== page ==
Theses Doctoral

The Jackpot Mentality: The Growth of Government Lotteries and the Suppression of Illegal Numbers Gambling in Rio de Janeiro and New York City

Vaz, Matthew

This dissertation examines social and political conflict over gambling policy in the United States and Brazil from 1960 to the present with a particular focus on New York City and Rio de Janeiro. The study accounts for the process by which illegal numbers gambling in New York and the jogo do bicho in Rio de Janeiro were determined to be the basis for widespread corruption and lawlessness. As policy makers proposed enhanced government lotteries as a solution for the problem of illegal gambling, numerous groups scrambled for position within shifting gambling frameworks. Tens of thousands of persons who had long worked in illegal numbers networks pressed for access to legal gambling jobs, corporate entities partnering with government lotteries pushed to secure monopoly concessions, while many citizens and religious groups opposed any and all forms of gambling legalization. As gambling workers, bettors, clergy, police officers, politicians and corporate lobbyists all struggled over how gambling would be conducted going forward, an intense debate unfolded in both Brazil and the United States with issues relating to police corruption, welfare, public safety, state sovereignty, personal liberty, and distribution of the tax burden all under examination. While there are many comparative elements of this study, it is ultimately transnational in that the narrative histories of gambling policy in Brazil and the United States eventually converge through the gambling technology corporation Gtech, which emerged as a powerhouse in the government lottery sectors of both nations. As the low stakes illegal gambling games of the numbers and the jogo do bicho are suppressed in favor of legal government lotteries, a vast new array of gambling habits are introduced to the gambling public in both Brazil and the United States. Of particular importance to this study is the growth of multimillion-dollar jackpot games offered by governments and their corporate partners. As players leave behind the old games with their reasonable odds and their modest payouts, they take up new games with astronomical odds and obscene jackpots. In the argument of this study, jackpot style gambling has brought the gambling habits of the poor and working classes into accord with contemporary patterns of wealth distribution.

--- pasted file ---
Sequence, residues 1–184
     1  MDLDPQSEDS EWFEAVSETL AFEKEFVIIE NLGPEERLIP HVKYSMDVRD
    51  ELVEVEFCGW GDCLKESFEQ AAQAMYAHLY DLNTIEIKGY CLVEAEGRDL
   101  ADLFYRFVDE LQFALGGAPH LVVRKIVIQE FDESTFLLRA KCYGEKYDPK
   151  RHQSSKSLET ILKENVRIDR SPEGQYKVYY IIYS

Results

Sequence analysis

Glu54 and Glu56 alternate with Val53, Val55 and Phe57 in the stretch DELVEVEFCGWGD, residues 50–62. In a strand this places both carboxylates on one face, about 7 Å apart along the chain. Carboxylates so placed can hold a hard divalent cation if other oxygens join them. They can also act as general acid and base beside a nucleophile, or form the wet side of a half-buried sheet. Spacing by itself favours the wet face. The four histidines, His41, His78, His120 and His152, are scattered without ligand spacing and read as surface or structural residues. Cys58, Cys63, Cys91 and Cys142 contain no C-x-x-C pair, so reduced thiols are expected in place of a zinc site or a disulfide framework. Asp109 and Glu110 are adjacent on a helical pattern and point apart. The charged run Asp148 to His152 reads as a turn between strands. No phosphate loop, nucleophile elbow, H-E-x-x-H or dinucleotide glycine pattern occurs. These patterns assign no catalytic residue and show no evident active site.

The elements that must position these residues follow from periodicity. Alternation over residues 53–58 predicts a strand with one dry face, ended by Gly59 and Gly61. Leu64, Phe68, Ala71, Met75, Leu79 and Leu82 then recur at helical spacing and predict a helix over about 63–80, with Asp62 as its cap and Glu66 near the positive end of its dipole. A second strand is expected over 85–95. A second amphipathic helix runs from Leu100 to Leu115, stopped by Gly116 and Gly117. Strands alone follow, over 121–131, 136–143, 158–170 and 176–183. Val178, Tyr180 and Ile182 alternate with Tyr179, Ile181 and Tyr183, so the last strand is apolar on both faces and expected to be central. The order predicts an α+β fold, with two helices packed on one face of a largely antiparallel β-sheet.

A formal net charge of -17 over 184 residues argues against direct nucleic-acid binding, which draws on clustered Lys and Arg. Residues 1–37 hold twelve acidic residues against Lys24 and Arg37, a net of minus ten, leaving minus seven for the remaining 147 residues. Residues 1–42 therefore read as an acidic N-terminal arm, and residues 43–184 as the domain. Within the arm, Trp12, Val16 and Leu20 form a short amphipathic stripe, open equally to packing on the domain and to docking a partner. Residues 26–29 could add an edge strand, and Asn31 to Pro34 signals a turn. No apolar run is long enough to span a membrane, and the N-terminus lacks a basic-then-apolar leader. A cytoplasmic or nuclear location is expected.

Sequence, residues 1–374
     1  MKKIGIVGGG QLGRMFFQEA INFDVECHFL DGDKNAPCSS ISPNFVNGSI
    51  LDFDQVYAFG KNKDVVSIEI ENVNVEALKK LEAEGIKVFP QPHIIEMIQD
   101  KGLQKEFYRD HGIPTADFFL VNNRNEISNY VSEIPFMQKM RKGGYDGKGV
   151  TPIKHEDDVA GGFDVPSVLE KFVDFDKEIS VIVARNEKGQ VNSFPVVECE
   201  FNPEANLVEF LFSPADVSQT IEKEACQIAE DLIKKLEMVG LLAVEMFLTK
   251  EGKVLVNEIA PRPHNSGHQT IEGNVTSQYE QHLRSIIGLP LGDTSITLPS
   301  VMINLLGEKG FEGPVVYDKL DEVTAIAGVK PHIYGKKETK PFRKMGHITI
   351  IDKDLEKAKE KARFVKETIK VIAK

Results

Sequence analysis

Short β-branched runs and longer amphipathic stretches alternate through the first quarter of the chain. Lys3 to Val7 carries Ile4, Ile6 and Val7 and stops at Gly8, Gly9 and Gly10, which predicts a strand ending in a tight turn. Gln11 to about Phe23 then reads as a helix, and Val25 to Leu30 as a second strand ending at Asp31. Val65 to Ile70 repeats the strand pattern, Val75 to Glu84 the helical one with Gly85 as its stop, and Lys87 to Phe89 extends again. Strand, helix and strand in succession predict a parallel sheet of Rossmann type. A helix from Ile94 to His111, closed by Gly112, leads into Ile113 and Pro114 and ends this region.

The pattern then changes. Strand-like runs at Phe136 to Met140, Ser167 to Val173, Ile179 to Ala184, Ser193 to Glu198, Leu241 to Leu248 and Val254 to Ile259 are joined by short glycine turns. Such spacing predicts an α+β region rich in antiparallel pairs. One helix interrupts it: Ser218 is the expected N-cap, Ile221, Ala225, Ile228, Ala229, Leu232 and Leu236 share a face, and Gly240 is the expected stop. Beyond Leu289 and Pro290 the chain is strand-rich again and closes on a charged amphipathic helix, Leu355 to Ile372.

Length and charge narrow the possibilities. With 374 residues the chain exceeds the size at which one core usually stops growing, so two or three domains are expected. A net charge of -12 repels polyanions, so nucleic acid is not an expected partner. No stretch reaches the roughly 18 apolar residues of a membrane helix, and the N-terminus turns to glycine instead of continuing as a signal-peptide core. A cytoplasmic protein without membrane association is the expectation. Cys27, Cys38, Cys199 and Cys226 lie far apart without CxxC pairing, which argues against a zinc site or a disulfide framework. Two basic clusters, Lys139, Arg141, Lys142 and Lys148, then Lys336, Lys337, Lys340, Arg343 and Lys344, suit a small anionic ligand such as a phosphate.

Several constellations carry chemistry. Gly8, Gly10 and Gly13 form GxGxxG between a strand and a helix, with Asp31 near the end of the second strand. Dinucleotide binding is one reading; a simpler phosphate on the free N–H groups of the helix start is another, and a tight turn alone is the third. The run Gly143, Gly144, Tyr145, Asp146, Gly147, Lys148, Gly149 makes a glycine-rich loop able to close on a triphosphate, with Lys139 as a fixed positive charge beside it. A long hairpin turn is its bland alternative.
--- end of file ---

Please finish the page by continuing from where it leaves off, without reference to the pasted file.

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More About This Work

Academic Units
Thesis Advisors
Coatsworth, John H.
Ph.D., Columbia University
Published Here
May 18, 2011